Meet Me at the Tree

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Tree of Life by Lukey

 

 

I pressed forward in line heading for the sacred grounds of the temple while angry anti-Mormon protesters shouted hateful words, and church members fresh out of the Saturday afternoon session of conference honked and shouted hateful things.  It was like something out of a dream.  In fact, it felt much like a dream I had spent my whole youth learning about, never fully understanding.

I used to understand Lehi’s dream of the tree of life to be about the church vs. the world.  We as members of the church hold onto the word of God and press forward toward the tree of life and its delicious fruit, the love of God, while people outside the church mock us from the great and spacious building.  Never did I think that as I pressed forward, holding onto what I feel very strongly is the word of God, that I would be mocked by members of my own church.  Like Lehi, I have tasted a fruit “most sweet, above all that I ever before tasted.”  It is a fruit that represents our Heavenly Parent’s love for all their children, and their desire for us to truly be equal.  But when I turned back to tell others about this fruit, they did not want to join me in partaking of it.  Some, instead of coming to the tree with me have mocked and ridiculed me for doing so.  This pointing fingers and derisive mocking has become intolerable over the last few months.

As a member of Ordain Women I can’t say that I have always remained at the tree of life either during this journey.  I came to Ordain Women because of some powerful spiritual experiences that left me with a greater capacity to love and to understand God’s love.  But, just like the people in Lehi’s dream, I have had moments when I cast my eyes about and wandered away from that love to a great and spacious building where I didn’t intend to understand the person I was contending with. We are all prone to have moments when we are partaking of the love of God and other moments when we are the ones in the great and spacious building, mocking others who are partaking of the love of God in their way.  It’s not black and white.  It’s not church members vs. the world.  As a church, we do not hold a monopoly on the tree of life and we are not immune from the great and spacious building.

The thing I find most tragic is those who wander the pathways lost and alone, all because the mocking of others caused them to doubt that the fruit they were tasting was really good.  Instead of judging others and causing them to second-guess and lose their way, I think we need to carefully consider at all times, where we are on the spectrum of Lehi’s dream.  Are we partaking of the love of God, or are we being critical of someone we disagree with because we can’t see things from her perspective?  As a member of Ordain Women, I have experienced a lot of loss and pain from those who chose to remain above me and criticize, mock, shun, call me to repentance and judge me from a place where they couldn’t see or understand my heart.  But I have also been blessed with friends and family who have met me at the tree of life and said, I don’t fully understand, but I love you and I am trying to understand.  It is the love and support from these friends that keeps me rooted at the tree of life instead of falling away into dark paths or joining the critics in the great and spacious building with negativity and angry words.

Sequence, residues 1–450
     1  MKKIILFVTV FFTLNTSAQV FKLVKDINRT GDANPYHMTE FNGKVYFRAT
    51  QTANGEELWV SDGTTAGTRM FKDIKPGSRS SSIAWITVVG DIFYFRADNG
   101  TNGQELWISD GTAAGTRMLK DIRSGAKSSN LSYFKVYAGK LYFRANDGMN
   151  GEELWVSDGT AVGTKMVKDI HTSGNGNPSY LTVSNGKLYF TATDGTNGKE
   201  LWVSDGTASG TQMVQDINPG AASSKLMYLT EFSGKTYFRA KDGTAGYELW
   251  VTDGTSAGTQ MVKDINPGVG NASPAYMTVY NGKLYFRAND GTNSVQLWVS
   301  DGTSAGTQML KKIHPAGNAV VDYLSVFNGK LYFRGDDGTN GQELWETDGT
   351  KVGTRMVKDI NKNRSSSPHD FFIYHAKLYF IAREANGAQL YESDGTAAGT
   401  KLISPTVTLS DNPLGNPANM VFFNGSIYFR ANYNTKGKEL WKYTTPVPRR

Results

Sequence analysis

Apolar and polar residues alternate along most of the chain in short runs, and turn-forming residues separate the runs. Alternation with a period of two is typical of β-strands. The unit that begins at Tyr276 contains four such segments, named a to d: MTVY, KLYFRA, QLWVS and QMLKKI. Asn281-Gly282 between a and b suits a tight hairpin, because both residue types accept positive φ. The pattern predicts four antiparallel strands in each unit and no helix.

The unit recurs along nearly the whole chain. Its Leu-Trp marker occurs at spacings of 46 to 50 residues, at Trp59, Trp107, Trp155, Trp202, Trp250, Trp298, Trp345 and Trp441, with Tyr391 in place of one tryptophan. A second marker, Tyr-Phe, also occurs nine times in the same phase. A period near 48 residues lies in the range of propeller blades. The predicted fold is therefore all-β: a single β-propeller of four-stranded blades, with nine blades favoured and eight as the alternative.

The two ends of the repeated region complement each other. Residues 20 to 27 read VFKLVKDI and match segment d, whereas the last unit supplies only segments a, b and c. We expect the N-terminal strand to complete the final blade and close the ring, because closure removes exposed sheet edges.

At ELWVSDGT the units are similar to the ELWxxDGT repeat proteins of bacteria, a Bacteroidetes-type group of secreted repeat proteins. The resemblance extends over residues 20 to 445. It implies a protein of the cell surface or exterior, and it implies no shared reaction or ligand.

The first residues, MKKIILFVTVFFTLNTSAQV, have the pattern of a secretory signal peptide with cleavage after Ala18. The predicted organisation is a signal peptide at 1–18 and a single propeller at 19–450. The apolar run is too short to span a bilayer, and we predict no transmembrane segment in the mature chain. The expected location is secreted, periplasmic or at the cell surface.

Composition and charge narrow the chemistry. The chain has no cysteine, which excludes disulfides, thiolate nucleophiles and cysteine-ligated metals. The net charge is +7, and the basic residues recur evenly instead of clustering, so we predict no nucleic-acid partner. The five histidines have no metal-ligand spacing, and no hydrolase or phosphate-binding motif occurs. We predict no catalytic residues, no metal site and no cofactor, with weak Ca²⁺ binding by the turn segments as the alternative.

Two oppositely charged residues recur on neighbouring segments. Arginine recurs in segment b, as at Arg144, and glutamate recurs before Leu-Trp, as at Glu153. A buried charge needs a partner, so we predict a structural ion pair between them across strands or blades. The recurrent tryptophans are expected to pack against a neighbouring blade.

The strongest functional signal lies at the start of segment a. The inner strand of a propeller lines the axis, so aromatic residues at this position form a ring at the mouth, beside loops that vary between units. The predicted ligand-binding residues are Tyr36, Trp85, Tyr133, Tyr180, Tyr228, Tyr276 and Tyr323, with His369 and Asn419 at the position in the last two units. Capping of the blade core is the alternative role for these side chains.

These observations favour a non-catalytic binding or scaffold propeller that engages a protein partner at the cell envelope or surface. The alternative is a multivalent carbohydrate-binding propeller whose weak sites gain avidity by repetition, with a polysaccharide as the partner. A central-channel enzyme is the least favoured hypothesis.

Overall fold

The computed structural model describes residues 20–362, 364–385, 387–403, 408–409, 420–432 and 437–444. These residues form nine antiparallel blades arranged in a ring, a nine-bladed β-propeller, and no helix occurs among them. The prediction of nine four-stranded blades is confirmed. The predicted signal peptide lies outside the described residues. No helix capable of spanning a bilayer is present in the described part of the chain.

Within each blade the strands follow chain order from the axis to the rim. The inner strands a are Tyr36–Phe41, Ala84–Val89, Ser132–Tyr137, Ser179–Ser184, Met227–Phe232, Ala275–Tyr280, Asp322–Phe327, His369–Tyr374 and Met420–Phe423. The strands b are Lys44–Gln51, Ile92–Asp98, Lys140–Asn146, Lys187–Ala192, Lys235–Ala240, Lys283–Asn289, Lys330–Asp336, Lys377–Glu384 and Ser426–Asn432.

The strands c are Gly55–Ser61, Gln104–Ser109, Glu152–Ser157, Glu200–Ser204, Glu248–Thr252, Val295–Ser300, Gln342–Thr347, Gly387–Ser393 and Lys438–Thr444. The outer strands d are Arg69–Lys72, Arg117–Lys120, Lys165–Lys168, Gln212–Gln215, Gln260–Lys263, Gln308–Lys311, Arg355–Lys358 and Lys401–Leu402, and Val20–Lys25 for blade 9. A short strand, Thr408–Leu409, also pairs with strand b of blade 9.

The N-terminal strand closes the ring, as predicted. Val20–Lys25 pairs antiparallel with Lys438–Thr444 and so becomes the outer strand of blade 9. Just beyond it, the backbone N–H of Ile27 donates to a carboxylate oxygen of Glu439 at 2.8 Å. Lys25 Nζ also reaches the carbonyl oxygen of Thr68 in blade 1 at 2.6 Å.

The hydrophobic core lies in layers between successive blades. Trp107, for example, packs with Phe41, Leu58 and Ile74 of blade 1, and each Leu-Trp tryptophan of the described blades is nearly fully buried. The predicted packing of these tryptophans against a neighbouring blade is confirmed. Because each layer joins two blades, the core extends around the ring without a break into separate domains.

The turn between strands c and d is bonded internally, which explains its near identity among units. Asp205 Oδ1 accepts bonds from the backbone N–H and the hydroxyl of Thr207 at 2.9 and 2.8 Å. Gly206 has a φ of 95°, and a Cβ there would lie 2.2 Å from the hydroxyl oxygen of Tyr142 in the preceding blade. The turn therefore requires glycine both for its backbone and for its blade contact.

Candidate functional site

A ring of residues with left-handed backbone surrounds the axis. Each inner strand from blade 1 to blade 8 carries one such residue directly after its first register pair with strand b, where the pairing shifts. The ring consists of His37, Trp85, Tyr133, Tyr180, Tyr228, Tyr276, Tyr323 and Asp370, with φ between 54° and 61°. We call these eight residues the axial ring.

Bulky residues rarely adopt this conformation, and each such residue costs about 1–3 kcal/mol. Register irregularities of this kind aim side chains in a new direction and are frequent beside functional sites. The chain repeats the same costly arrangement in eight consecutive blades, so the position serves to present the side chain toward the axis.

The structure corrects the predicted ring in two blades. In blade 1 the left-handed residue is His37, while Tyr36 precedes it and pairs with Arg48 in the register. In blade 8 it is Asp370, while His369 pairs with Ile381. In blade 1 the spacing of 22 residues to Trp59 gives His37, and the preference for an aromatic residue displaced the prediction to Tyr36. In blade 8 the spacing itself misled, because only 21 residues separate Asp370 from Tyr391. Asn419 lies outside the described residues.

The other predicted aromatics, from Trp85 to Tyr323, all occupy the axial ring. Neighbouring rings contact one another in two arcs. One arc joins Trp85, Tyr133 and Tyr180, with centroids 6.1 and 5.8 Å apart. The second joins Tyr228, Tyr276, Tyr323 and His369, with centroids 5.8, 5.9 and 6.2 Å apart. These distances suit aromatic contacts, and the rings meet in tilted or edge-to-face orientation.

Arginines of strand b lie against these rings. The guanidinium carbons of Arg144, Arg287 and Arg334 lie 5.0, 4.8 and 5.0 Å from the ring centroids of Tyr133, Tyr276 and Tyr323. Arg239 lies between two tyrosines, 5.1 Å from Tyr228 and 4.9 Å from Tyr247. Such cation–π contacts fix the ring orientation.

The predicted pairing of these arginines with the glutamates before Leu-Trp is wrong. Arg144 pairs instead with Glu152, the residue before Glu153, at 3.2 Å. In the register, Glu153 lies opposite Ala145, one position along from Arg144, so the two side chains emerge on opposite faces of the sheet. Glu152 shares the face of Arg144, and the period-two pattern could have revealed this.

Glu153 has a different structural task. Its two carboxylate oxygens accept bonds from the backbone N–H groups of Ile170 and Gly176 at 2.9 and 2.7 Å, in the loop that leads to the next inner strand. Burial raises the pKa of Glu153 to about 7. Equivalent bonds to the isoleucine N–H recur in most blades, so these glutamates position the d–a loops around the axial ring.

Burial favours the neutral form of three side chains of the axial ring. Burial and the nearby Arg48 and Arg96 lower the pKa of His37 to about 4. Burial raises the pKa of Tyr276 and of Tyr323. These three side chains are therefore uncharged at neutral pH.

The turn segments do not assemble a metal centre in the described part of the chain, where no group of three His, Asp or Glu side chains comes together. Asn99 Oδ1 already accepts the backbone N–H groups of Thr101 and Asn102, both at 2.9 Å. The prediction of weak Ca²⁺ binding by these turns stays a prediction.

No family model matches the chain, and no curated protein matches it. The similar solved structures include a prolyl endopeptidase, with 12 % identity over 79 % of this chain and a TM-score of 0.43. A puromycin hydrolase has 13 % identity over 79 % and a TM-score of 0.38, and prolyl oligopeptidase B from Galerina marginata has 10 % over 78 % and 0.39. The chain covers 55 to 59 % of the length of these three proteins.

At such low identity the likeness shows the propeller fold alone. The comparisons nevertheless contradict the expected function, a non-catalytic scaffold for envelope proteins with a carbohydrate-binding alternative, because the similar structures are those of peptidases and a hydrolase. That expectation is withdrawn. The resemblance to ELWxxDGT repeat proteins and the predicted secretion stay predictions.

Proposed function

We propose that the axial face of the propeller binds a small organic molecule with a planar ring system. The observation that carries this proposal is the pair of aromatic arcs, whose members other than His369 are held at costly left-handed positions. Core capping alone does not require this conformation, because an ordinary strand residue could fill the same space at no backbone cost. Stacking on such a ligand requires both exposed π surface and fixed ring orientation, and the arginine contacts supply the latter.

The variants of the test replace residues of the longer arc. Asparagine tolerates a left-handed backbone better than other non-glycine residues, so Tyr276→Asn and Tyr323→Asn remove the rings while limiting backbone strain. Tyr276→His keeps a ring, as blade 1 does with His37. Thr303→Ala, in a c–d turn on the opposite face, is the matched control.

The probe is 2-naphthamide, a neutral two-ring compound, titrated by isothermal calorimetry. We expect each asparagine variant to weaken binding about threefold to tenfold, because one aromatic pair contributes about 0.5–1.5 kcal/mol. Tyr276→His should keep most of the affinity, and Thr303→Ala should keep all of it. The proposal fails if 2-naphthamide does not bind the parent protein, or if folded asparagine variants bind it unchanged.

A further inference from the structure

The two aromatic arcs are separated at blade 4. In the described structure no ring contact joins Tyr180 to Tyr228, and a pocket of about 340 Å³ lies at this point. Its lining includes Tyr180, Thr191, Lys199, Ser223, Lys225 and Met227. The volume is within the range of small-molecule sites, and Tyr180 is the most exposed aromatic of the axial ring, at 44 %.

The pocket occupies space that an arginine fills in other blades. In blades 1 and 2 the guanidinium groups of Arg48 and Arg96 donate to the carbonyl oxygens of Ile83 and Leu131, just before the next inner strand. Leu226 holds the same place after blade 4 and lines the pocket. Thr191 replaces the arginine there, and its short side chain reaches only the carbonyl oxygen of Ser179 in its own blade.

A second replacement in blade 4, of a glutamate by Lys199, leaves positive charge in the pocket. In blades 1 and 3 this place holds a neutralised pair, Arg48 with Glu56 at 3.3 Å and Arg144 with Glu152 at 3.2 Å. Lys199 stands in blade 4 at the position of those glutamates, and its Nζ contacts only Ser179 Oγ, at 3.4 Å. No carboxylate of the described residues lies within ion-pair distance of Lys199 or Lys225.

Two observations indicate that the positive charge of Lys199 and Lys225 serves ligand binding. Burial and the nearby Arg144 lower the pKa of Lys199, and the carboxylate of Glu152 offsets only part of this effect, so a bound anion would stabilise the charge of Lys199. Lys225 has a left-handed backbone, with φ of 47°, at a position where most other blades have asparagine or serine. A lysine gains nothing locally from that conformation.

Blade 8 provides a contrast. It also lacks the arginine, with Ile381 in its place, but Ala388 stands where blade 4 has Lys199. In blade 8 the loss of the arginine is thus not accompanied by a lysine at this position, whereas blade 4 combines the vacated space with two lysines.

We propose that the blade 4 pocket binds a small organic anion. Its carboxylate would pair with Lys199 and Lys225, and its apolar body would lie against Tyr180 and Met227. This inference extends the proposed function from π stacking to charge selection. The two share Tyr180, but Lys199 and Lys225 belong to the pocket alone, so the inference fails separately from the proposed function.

The reason the great and spacious building is up in the air, far from the tree of life, is that misunderstanding is easier to achieve from a distance.  It is easy to criticize and point fingers when we can’t even see the fruit that someone is tasting.  That’s when it is time to come down and share in God’s love with those we don’t understand.  Nephi was told by the angel that the tree of life represented the condescension of God.  Christ came down among us.  He descended below everything and experienced everything so that he could understand us perfectly and love us perfectly.  He had to come to where we are at and experience what we experience before he could gain that perfect love.  That is the condescension of God and that is the love represented by the tree of life.  If we follow his example, then we must also come down from our floating buildings that make us think we are above others.  We have to come down to a level where we can fully understand others, just as Christ did.  I don’t think this means that we all have to agree on everything.  But we do have to do our best to fully understand each other without judgment.  We have to let go of our need to be right or to be better, in order to love.